Contrary to expectations, climate change has had a significant effect
on mountain plants at low elevations, says a new study led by a UC
The information could guide future conservation efforts at local
scales by helping decision makers anticipate biological responses to
climate changes, said lead author Susan Harrison, a UC Davis
professor of environmental science and policy.
Harrison and scientists from the University of Wisconsin-Madison and
the U.S. Geological Survey examined vegetation changes during the
past 60 years in the Siskiyou Mountains of Oregon.
They found signs of increased drought stress in the low-elevation
forests (1,650 to 4,000 feet), but not at high elevations (4,100 to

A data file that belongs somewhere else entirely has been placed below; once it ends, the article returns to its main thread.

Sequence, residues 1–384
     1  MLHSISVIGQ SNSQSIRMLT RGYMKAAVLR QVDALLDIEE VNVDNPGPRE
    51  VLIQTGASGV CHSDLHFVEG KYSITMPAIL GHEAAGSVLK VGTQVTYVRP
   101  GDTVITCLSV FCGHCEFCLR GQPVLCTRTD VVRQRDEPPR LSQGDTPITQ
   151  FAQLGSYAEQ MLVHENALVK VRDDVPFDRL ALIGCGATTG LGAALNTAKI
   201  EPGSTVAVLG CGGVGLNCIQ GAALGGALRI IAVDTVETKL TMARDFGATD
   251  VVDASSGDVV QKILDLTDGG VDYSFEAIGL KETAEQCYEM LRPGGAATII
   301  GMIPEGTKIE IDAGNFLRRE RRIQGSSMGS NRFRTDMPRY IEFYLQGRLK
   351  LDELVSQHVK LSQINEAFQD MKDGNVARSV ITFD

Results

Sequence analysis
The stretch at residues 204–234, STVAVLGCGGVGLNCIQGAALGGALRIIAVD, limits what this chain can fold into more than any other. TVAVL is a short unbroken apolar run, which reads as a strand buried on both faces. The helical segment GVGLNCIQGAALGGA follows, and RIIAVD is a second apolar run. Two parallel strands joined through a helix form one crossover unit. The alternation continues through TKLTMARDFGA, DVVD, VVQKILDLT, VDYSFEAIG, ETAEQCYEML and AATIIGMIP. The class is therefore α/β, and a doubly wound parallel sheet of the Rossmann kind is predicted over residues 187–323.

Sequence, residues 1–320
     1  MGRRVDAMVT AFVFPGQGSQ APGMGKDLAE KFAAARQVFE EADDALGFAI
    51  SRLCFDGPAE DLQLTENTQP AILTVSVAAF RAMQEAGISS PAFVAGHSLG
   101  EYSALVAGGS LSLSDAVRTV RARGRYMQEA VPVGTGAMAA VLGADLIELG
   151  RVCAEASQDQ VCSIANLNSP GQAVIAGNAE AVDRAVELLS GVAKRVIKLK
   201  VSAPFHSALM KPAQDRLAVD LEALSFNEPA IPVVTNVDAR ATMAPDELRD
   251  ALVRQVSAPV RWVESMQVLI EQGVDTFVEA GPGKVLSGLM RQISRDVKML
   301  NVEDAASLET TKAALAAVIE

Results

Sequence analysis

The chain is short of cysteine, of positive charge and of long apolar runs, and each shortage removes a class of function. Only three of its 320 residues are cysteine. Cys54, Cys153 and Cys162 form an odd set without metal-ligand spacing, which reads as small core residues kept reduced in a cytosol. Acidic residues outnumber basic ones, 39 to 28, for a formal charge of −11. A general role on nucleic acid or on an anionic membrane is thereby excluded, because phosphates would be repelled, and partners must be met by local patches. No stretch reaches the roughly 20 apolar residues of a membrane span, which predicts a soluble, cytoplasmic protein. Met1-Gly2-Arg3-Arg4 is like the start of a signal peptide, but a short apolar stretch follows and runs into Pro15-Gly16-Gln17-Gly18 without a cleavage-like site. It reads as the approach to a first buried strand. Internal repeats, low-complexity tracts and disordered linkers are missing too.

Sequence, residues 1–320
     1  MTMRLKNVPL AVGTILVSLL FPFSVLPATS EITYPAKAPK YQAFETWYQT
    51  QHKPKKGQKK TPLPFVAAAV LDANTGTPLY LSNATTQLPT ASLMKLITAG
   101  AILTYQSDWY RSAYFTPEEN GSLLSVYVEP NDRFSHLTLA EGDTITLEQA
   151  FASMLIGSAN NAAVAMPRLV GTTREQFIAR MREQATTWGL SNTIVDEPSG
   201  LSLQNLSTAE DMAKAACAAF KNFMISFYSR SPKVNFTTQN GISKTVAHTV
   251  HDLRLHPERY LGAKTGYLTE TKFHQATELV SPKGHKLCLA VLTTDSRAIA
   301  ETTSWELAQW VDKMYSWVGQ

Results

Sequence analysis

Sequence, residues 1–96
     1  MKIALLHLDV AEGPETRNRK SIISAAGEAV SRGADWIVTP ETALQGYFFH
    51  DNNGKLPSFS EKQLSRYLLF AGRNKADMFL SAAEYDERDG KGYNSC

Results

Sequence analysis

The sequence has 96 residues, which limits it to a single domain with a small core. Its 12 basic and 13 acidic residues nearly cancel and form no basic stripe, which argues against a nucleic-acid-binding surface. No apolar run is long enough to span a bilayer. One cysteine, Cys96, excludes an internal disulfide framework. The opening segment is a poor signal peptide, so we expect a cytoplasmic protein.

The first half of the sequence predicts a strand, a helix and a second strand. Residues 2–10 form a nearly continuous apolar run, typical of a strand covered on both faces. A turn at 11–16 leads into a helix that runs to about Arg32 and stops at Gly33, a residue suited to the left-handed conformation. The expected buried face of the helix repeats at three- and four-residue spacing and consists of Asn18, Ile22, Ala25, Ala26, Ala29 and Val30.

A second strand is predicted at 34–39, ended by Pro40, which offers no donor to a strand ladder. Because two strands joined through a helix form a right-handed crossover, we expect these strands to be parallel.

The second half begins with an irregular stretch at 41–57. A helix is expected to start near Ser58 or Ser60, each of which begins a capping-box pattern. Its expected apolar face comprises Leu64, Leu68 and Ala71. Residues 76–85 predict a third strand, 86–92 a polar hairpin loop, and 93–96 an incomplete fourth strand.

6,900 feet). Climate change appeared to affect both logged and
unlogged forests at low elevations similarly.
“We were surprised to find such clear signals of climate change in
these plant communities, given all the other ecological changes that
may be going on in the region, such as logging and fire suppression,”
The study was published online Monday (Oct. 25) in the Proceedings of
the National Academy of Sciences.
It was funded by the National Science Foundation and by the U.S. Geological Survey Global Climate Change Program.
* Report abstract <http://www.pnas.org/content/early/2010/10/19/1006823107.abstract>